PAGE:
Only Nadhim Zahawi, the only person who has experienced a political rollercoaster that rivals the one that saw Boris Johnson ejected from Downing Street, has been able to ride this week. On Monday, he was the UK’s education secretary — his first cabinet posting. On Tuesday, he was promoted to chancellor. He was working with the prime minister to plan tax cuts on Wednesday. And by Thursday, he had played a central role in ending Johnson’s premiership.
The 55-year-old’s elevation to the second most powerful role in British politics is the latest step in a rapid rise that his allies hope could see him become Britain’s first non-white prime minister. Some Conservatives are worried that Johnson’s sudden turn against him could backfire.
Zahawi was the son of a Kurdish family who fled Baghdad when he was 9. His teachers initially worried that he might have learning difficulties because he did not speak English at all when he arrived in Baghdad. After being educated in both public and private schools, he earned a degree as a chemical engineer from University College London.
Zahawi was a graduate of the University of California, Berkeley. He went into business after graduation, but sometimes with mixed results. Zahawi started a marketing firm that sold merchandise for children. It was not a very successful venture. Teletubbies children’s television programme. He was also an aide to Lord Jeffrey Archer, the former Tory MP and novelist, including during the latter’s unsuccessful bid to be mayor of London.
Zahawi’s political career began as a local councillor from the prosperous London borough Wandsworth. He remained focused on his enterprise and any national ambitions that he had were put aside. He founded YouGov in 2000, which was one of the first online polling companies. But other roles, including earning £1.3mn as a consultant to Gulf Keystone Petroleum, have raised eyebrows. It was. reportedThe National Crime Agency investigated Zahawi this week but found no wrongdoing.
2010 saw Zahawi elected for the safe Tory seat in Stratford-upon-Avon. Zahawi’s ministerial career didn’t take off, unlike many other ambitious Tories elected in the wake of David Cameron returning to power. One Number 10 official who worked with him says: “He was clearly very talented, but did not capture David’s attention.”
His support for Brexit during the 2016 referendum however ensured his rise within the party. Following that, a number of junior ministerial positions followed. But it was Johnson’s patronage that thrust Zahawi into the spotlight as vaccines minister at the height of the coronavirus pandemic. He was highly praised by MPs because of his calm media performances despite widespread shortage fears.
Whitehall civil servants also favored him. One mandarin who was with him during the pandemic said that his keen focus on data was a welcome trait. “As secretary of state, he was constantly asking, ‘What’s the proof? What’s the evidence?’ during the vaccine roll out,” the official recalls. “Many other ministers just do things simply on instinct.”
Zahawi, who was elevated to education secretary in the cabinet last September has been considered a candidate for Johnson’s successor. Like rivals such as foreign secretary Liz Truss and former chancellor Rishi Sunak, he has been schmoozing MPs and preparing for the prime minister’s departure for months.
He is also on a fitness journey with the leadership race in his mind. “He’s running, literally,” one MP smirks. He will eat only half the food at his work dinners.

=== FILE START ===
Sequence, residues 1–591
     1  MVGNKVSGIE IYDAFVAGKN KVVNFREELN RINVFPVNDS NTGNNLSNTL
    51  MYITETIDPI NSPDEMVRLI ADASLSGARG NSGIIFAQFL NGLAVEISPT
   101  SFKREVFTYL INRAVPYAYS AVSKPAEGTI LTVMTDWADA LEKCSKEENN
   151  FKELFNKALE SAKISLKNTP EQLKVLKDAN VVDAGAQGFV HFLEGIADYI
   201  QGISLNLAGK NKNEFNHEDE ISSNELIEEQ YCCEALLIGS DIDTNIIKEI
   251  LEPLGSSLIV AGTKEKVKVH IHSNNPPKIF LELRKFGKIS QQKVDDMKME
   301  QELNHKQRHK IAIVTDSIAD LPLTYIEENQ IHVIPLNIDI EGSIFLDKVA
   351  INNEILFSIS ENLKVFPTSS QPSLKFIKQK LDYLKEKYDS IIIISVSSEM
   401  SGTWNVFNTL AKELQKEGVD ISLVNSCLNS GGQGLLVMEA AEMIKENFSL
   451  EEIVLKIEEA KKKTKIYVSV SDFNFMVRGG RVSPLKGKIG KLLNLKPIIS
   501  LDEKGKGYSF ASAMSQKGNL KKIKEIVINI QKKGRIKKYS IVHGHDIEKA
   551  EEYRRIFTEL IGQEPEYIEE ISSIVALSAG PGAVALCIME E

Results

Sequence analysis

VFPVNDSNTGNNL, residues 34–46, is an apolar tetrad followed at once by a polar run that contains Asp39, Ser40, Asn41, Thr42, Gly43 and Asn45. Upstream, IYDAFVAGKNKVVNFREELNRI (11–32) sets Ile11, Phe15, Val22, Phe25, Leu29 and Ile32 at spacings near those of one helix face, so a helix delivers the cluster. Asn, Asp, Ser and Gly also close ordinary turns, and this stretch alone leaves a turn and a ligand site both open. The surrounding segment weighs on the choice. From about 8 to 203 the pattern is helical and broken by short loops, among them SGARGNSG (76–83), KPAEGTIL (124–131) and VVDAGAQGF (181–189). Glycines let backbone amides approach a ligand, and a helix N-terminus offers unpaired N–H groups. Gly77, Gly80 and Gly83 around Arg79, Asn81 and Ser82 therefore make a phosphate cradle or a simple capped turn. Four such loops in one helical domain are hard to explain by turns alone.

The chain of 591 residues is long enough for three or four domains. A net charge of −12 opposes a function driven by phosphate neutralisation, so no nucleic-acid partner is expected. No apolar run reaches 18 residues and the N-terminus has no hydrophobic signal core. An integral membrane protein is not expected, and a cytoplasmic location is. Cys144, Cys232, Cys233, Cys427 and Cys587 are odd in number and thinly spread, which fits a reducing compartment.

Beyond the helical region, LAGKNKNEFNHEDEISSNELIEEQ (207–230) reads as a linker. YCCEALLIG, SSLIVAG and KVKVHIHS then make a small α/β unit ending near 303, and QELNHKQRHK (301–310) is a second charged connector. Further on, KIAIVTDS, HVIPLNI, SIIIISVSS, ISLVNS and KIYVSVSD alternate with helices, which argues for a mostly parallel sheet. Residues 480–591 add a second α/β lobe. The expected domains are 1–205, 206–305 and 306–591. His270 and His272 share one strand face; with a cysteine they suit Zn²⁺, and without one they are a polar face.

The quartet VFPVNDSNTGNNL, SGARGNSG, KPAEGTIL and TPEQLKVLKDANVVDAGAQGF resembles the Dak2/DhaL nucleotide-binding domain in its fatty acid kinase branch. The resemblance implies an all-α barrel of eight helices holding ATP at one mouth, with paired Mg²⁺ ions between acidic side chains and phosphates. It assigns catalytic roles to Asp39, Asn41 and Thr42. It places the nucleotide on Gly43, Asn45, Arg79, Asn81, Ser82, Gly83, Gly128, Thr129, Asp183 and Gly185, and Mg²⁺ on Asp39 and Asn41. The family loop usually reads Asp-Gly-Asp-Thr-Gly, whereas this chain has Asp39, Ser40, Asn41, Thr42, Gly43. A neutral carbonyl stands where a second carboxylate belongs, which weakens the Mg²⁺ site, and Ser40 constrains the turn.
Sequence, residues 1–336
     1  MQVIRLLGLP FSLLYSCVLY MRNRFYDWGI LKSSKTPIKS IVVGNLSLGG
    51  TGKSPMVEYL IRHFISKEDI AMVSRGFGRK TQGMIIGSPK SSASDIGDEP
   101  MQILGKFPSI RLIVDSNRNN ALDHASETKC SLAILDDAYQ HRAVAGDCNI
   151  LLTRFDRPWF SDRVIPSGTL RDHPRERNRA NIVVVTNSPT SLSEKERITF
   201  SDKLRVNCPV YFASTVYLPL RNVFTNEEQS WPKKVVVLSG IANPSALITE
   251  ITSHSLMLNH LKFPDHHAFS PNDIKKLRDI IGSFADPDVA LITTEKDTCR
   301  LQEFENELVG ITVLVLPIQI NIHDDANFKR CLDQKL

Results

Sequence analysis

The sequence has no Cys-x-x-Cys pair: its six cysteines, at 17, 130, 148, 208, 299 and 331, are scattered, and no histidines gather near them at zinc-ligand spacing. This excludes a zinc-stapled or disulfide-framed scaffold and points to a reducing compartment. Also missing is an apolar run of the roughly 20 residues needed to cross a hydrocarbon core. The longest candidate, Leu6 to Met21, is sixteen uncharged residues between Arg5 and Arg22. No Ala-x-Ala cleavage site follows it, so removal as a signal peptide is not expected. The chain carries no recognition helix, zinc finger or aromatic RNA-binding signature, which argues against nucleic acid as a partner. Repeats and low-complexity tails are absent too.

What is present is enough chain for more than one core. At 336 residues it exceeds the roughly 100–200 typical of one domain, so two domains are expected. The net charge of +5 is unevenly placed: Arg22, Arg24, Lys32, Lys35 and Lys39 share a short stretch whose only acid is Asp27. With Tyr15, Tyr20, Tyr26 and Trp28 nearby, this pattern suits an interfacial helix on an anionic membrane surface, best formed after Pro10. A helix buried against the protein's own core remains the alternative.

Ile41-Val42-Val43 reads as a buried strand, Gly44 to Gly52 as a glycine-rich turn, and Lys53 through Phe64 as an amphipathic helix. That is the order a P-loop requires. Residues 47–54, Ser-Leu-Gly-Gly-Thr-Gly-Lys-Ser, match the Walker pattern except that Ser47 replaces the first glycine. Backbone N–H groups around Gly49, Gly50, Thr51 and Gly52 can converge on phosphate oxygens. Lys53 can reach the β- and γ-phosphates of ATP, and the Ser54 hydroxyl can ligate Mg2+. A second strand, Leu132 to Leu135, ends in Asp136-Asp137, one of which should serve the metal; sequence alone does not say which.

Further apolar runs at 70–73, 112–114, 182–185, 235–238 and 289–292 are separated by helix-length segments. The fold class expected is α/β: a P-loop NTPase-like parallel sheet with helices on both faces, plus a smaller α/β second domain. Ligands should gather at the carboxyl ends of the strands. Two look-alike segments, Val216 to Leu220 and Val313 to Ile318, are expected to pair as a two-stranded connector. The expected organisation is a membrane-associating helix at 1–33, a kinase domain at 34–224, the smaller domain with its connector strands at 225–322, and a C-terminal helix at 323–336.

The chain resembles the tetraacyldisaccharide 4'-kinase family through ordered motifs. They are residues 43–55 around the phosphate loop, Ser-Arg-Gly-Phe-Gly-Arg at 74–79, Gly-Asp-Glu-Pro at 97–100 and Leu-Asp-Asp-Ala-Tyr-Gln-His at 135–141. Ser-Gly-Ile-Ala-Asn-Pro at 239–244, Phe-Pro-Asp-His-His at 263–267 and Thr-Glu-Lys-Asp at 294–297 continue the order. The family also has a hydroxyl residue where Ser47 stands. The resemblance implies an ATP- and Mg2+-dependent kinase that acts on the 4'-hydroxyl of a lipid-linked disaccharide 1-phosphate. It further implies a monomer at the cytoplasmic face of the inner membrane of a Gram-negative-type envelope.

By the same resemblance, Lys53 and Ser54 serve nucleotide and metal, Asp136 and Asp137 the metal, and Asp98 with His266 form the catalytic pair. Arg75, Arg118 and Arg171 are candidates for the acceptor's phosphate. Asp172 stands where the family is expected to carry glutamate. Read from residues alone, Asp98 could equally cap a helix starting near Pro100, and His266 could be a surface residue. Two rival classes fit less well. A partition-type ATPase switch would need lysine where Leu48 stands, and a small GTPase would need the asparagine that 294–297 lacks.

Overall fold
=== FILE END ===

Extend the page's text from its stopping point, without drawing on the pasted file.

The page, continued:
Zahawi’s campaign will focus on three elements, according to officials involved: his “phenomenal” back-story; his business hinterland; and his record in government. “A lot of his rivals don’t have business experience before politics, others don’t have the same level of delivery or government experience either,” says one MP who is backing him.
It is his role in Johnson’s fall that could decide whether he makes it past Number 10. Zahawi was among the few credible candidates when Sunak resigned on Tuesday as chancellor. Many of his supporters were disappointed that he accepted the job. “We always knew that he is a nice guy but he has poor political judgment,” one friend says. Others believed he couldn’t choose. “These positions have to be filled . . . he will have tried to keep the show on the road.”
Zahawi was among a group of ministers that told the prime minster to go the day after he arrived at Treasury. In an open letter, he wrote that he was “heartbroken” that his friend of 30 years had not heeded his advice. “Prime minister, you know in your heart what the right thing to do is, and go now.” Johnson acquiesced hours later. “It was Nadhim’s language that finally got Boris over the line,” says one ally of his role in the regicide.
Although his profile in Westminster has risen significantly in recent days, Zahawi’s renown beyond the world of politics is limited. The bookmakers’ Ladbrokes put his odds of being the next prime minister as 12/1, behind five other contenders, including Sunak and Truss. His challenge is to convince MPs he has the ability to create a national following.
Zahawi is a popular Tory activist, but he will eventually be elected party leader and PM. He is the party’s second most popular figure with a Net approval rating: +66This is second only to Ben Wallace, defence secretary, who chose not to stand. Paul Goodman, the editor of ConservativeHome, says, “He has a successful record in business and a successful record in government in delivering the vaccine programme.”
Goodman observes that the impending leadership race is “a lottery”, but adds that if he “gets in front of the members he could do well”. It will depend on the votes of Tory MPs who already know his back story and government record. They will decide if Zahawi has the ability to help the party recover from the turmoil of Johnson’s era.